Sunday, September 21, 2008

Wiffer

If I was writing this at 8:30 Saturday night, I am sure there would have been a different slant to this entry. My self esteem was at a all time low and I was depressed and tired.

Now it is Sunday around lunch time.

Saturday morning, I went to a  ref seminar taught by Derek Cotton. He is a world class fencing referee, who refs at national and international events, including the Olympics. It did not take long to find out that he was an extremely intelligent man with a quick and unique wit. It also did not take long to find out I was screwed as far as finding a way to pass the epee portion of the ref exam, as two minutes into the program he announced that he would not be reviewing the material needed to pass the exams.

I understood why immediately, so that was not a big disappointment. There were groups from a number of clubs present and of course this group was made up of varying levels of experience and need. Also, it would have been a waste of this man's knowledge and ability to focus on the mundane. I should have figured that out before I went.

I learned a great deal from this event and/or it prepared me more should I delve into reffing ROW weapons or reffing in general. I don't see that happening anytime in the near future, as I am never going to pass the epee part of the exam. Yep....another "wiffer". Evidentially the 4th time is NOT the charm and I am an idiot. I suspect that the general part of the written I passed will expire and I will also never pass that again.

In truth I know I am not an idiot, I am just insane. I know that because I keep doing the same thing over and over again and expecting a different result. That is a hallmark of insanity.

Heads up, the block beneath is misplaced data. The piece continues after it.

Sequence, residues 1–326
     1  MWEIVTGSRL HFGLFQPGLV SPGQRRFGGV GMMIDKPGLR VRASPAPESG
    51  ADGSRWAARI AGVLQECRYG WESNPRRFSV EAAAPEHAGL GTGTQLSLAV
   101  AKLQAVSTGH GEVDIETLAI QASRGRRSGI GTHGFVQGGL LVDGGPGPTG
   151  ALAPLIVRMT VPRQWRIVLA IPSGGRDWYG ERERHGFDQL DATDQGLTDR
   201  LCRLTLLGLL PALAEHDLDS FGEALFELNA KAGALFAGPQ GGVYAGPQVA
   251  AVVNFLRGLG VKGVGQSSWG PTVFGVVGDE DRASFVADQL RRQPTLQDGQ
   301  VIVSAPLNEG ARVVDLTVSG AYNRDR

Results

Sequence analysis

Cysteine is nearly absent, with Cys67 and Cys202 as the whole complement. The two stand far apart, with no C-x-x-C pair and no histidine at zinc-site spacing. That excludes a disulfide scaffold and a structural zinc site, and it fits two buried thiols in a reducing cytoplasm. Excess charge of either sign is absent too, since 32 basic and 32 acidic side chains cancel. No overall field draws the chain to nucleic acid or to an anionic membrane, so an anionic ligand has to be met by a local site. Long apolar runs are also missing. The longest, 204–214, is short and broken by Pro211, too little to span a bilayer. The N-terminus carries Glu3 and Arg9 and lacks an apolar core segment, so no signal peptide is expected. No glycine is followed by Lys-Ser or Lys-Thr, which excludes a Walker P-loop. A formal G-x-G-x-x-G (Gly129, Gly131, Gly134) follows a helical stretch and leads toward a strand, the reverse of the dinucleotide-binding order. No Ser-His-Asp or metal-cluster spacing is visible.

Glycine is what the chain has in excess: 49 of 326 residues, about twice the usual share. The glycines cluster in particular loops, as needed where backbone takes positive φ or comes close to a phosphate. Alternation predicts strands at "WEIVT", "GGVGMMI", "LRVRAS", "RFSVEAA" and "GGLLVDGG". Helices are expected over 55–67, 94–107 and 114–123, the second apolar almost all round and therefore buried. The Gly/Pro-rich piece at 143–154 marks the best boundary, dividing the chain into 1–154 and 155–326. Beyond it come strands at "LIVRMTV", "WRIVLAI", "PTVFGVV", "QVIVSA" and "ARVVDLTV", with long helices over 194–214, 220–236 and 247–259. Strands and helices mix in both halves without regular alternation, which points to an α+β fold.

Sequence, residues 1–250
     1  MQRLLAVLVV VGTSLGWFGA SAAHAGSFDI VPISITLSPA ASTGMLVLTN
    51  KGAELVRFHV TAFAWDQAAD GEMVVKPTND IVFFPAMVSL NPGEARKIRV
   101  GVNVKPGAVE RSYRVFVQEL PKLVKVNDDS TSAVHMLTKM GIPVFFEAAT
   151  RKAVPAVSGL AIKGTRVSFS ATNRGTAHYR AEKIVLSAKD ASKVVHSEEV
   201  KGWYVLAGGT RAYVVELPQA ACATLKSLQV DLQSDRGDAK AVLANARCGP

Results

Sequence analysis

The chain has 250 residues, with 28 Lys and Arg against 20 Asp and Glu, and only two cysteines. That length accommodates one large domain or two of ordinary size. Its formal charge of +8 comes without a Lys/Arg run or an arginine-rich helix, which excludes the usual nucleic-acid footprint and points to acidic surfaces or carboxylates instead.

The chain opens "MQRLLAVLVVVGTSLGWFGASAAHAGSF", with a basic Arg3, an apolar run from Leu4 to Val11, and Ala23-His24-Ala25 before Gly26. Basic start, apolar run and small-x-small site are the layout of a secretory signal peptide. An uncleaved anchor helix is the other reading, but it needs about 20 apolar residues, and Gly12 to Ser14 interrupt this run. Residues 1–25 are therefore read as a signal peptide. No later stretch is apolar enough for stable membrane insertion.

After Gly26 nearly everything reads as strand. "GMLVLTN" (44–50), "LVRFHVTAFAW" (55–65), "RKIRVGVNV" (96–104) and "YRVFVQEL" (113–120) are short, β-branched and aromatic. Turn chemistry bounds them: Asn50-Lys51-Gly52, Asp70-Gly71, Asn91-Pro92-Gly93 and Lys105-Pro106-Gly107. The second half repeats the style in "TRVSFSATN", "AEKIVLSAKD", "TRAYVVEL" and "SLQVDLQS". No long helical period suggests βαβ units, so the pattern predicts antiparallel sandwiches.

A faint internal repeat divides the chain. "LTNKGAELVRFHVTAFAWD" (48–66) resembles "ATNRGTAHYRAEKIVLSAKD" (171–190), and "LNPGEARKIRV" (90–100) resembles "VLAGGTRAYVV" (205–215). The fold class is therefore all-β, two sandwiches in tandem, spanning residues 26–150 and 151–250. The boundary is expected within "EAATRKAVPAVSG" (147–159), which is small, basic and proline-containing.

That is enough sulking on my part.

Did I learn a lot of interesting things. Yes. Do I have any way to apply what I learned. No. However, all knowledge is useless, right up to the point were you need it.

Another interesting thing happened at the ref seminar. About an hour into the program, Derek got sick as a dog. There are about 30 people at the event and I notice no one is doing anything for this guy. He is an over 40, over weight and a black male. I mention the black male, as black men are more prone to hypertension, thus you should be more watchful for heart attack and stroke. I am sitting there just like everyone else and I finally look at Henri and we know we better do something. Derek is outside. Henri does her nurse stuff and I go buy crackers, meds and ginger ale for this guy and return. It is to no avail and we know he needs to go lie down for a while if he has any chance of continuing. I would have bet the farm at this point, that he was not going to be able to do that. I talk to Donny about this. ( A good man who is heading up the show.) Tom Bryan seems unhappy with this course of action, but what else is to be done. Mario, Henri and I take Derek back to his hotel in my car. It was only through luck that I knew were his hotel was and he certainly did not. Fortunately he did not puke in my car. However, he did sit in my car and "hurl" the parking lot of the hotel for what seemed to be an eternity. I am sure it seemed like an even longer time for him. He finally stops and we get him up to his room. He instructs us to pick him back up around 11:30. Frankly, I did not think that was going to happen, but it did. He went on to give an informative and surprisingly energetic program. He is a trooper. He would have been even more impressive, if he had told us " thank you". Which he never even implied. I know I should let something like that go and it is no big deal, but I was taken aback by it. If you think about it, I should not have been though. Fencers are weird people. Even if you find one that can pass for normal, that is sort of weird in it's self.